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Latin America: Spotlight on transfer pricing issues

On behalf of our Deloitte colleagues that focus on transfer pricing issues within the Latin American and Caribbean region, I am pleased to present this selected collection of thought papers on relevant developments and issues occurring across the region. Over the past few years, increasing trade and investment flows have fuelled a robust economic growth in many Latin American countries. As a result, it is not surprising that the region has enthusiastically embraced the arm's-length principle and enacted specific legislation to provide more certainty to domestic and foreign investors. A solid statement to this trend can be found in the number of Central American and Caribbean countries that have implemented transfer pricing rules inspired by the OECD's Transfer Pricing Guidelines in the past couple of years.

We discuss the requirements, challenges and opportunities that this new regime will present to multinational corporations operating in the region. Other countries with more established transfer pricing practices also face challenges to cope with the increasing use of intangible property, capital mobility and the digital economy that has become commonplace in the past decade. A prime example is Mexico, the country with the oldest transfer pricing legislation in Latin America. The domestic transfer pricing regime is entering into a more mature phase with a better understanding of the role of transfer pricing in the context of a modern tax system. But significant changes to the regulatory framework are urgently required or there is a risk of heading in an uncertain direction. We address some of the more pressing modifications to the existing regulatory framework regime in the context of a long awaited and much expected comprehensive tax reform.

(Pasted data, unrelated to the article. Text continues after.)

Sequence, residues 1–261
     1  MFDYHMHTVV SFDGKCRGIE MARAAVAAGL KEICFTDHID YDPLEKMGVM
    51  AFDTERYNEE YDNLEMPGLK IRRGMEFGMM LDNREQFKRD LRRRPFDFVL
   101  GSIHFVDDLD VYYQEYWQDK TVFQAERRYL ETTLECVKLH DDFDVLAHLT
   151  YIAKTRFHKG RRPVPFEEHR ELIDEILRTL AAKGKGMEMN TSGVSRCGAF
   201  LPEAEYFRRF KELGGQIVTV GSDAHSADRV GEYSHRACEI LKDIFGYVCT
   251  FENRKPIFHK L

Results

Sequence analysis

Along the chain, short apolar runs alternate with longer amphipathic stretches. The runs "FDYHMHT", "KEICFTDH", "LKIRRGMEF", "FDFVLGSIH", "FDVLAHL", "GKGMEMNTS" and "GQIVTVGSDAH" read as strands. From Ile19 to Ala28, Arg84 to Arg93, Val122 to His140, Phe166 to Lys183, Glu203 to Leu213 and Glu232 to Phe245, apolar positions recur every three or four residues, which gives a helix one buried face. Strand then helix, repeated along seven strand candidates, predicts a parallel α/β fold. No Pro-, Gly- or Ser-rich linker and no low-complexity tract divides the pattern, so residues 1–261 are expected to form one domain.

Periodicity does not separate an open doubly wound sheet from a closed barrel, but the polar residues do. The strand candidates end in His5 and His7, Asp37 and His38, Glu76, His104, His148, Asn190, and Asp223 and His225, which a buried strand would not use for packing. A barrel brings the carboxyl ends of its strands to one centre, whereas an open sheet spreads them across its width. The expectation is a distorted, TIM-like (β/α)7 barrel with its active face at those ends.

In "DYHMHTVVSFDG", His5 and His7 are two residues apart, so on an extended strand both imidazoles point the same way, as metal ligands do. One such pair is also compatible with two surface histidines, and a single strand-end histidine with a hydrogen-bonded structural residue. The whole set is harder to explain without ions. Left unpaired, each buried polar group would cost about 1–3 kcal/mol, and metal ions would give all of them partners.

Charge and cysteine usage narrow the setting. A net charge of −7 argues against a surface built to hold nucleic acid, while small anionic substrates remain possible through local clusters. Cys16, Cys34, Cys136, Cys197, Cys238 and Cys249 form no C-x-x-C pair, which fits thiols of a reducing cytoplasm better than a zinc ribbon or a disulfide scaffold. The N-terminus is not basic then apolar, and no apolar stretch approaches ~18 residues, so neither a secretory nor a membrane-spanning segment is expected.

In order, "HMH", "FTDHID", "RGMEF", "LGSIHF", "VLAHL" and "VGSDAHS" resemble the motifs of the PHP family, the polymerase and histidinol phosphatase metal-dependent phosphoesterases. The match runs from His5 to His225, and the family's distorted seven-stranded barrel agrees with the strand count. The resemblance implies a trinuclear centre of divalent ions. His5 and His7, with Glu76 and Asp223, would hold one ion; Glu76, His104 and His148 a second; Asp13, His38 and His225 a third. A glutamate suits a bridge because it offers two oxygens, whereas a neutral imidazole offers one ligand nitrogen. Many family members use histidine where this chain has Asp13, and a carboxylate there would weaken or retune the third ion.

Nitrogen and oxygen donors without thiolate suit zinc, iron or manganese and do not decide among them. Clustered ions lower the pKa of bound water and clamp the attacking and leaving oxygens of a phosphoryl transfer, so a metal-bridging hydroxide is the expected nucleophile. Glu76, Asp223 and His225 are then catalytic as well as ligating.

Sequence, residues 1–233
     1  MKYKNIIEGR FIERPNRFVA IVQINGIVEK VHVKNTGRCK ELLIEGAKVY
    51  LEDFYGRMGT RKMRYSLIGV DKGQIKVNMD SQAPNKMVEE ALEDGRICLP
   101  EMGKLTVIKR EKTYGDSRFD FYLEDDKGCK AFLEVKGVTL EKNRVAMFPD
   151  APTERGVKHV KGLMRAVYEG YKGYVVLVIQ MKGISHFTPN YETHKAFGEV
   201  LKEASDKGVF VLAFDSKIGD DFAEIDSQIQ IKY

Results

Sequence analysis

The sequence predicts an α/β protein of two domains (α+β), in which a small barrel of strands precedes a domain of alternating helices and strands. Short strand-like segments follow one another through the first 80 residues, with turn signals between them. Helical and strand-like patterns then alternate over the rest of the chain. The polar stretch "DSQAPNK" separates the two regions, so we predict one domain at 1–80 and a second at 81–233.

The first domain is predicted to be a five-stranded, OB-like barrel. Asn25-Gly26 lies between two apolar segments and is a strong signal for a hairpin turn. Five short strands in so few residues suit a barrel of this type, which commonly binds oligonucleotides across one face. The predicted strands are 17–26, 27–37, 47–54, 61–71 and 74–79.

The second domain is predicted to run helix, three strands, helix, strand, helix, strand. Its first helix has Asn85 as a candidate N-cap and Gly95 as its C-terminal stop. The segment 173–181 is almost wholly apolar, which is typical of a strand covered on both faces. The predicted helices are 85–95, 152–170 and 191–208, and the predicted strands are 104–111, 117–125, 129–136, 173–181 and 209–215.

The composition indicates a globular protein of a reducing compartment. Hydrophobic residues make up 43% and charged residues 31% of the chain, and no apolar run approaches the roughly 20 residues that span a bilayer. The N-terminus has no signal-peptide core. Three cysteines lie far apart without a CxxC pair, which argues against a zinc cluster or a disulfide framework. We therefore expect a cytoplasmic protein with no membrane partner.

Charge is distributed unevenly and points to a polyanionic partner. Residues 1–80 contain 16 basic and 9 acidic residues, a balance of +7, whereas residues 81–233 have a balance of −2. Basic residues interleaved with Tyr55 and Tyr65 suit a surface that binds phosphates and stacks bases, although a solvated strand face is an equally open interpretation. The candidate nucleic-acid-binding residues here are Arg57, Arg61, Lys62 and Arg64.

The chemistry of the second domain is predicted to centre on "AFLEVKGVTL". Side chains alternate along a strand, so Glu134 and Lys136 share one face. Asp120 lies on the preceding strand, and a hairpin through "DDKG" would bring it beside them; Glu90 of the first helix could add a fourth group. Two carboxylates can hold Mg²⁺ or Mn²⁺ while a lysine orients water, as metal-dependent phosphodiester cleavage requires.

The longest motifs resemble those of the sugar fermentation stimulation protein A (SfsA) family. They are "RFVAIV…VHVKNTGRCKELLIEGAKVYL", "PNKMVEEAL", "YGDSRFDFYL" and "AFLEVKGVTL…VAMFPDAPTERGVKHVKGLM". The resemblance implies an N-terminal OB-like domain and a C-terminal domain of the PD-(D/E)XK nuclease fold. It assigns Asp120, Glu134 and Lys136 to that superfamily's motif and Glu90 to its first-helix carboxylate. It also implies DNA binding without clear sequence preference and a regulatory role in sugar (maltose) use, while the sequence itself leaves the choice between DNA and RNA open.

A separate note is reserved for Brazil, which historically has established transfer pricing methods that bear little (if any) resemblance to the transfer pricing methods listed under the OECD guidelines. We summarise the new transfer pricing rules and provide an overview of the motivations and potential effects of the new rules, which are primarily focused on inbound tangible goods transactions, financial transactions, and commodity-type transactions. In a less welcome development, they are also very efficient at discouraging taxpayers from entering into intercompany outbound transactions, to the extent that one of the existing safe harbour criteria practically ceased to apply.

Given the complexity and variety of tax issues across the region, this guide should be the starting point rather than the finish line for your Latin America-related transfer pricing inquiries.

For more information regarding transfer pricing issues in specific countries, and about Deloitte's tax practice in those jurisdictions, please refer to the list of Deloitte member firm contacts contained in Deloitte's 2013 Global Transfer Pricing Country Guide, or visit www.deloitte.com.

We hope you find this publication interesting and, more importantly, of practical use, and invite you to contact our leading team of professionals or your local Deloitte contact if you have any questions.

Simón Somohano

Latin America and the Caribbean Region Transfer Pricing Leader

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